Theocrat Gary Glenn Challenges Stabenow

Debbie Stabenow is not a strident voice of liberalism in the United States Senate. Of the progressive legislative actions we’ve tracked, Senator Stabenow has supported only 30 percent. Yet, one of the Republicans competing for the right to challenge Stabenow in next year’s election counts her as among the most extreme liberals in the Senate.

Although our legislative tracking system finds 34 Democrats and one independent in the Senate who have a more liberal record in the current session of Congress, County Commissioner Gary Glenn calls Stabenow “one of America’s most liberal senators”. Given this discrepancy, it’s important to undersand what Glenn counts as liberal.

The Separation of Church and State, as provided for in the Constitution, is a widely accepted principle, but Glenn seems to regard it as unacceptably liberal. Although the Constitution explicitly forbids any religious test for public office, the very first of his qualifications for the U.S. Senate cited by Glenn is that he is Christian.

Glenn proposes the idea that the United States is a Christian nation, with the government providing only a limited sort of religious freedom – that which protects Christianity in particular. His campaign site declares, “Gary Glenn believes the United States has from its founding been a nation of destiny, blessed and protected by God specifically because of its commitment to protect religious freedom and the Judeo-Christian faith and values shared by our Founding Fathers and by most Americans of the time.”

The protection of religious freedom is contained in the Constitution. The protection of “the Judeo-Christian faith” is not. In order for there to be true religious freedom in the United States, the government cannot provide special protection for any religion. If Christianity in the United States were to wither away, the government would not have the authority to prevent the change, as it would be an expression of the free will of American citizens.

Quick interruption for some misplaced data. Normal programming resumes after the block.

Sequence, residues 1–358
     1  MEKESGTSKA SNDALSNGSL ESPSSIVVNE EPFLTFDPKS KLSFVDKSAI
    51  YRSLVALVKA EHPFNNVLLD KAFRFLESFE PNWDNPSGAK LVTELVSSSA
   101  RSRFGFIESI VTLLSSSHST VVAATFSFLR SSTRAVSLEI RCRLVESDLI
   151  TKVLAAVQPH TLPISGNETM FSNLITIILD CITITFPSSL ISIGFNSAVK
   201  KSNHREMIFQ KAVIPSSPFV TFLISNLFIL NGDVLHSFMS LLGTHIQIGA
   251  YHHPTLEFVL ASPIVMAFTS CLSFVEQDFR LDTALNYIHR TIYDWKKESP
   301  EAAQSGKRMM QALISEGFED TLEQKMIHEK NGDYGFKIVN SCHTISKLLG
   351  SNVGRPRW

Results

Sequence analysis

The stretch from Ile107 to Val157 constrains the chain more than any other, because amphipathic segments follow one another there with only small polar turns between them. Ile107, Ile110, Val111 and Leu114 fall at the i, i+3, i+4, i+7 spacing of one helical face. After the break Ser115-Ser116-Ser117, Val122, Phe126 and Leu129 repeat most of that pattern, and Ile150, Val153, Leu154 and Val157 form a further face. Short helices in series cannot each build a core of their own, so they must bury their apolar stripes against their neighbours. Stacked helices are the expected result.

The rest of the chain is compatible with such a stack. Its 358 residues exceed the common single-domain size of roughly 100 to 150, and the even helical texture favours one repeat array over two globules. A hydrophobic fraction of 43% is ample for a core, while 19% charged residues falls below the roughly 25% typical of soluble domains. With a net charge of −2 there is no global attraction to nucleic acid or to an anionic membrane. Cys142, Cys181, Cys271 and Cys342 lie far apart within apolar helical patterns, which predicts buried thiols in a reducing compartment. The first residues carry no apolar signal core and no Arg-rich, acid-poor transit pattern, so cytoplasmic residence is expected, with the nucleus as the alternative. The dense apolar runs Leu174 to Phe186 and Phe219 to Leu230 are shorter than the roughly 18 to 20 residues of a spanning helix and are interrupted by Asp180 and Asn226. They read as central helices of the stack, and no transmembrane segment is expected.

Yet, Gary Glenn expresses the idea that American rights don’t come from the Constitution at all, but rather from the deity that he worships. Does Glenn believe that the Constitution itself is too liberal?


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3 Comments on “Theocrat Gary Glenn Challenges Stabenow
  1. Guys and gals, this summary is a distortion of my views on the subject — perhaps an innocent distortion, perhaps not, but a distortion nonetheless.

    For the record, I believe the Constitution does in fact protect freedom of religion for all individuals, regardless of their faith or lack thereof, which is not inconsistent with my belief that America was blessed by God because such freedom of religion and conscience was among our founding principles.

    Further, the Constitution provides that the government shall not apply a religious test to candidate for public office, thus no American can be required to subscribe to a certain faith or creed in order to run for or be elected to such office. However, the American people — the voters — can apply any test they please, including a religious test, in determining for whom they’ll cast their votes.

    Are you actually, literally, suggesting that identifying myself as a Christian on my campaign website is somehow unConstitutional, i.e., a violation of the law? Surely you’re not that Constitutionally illiterate.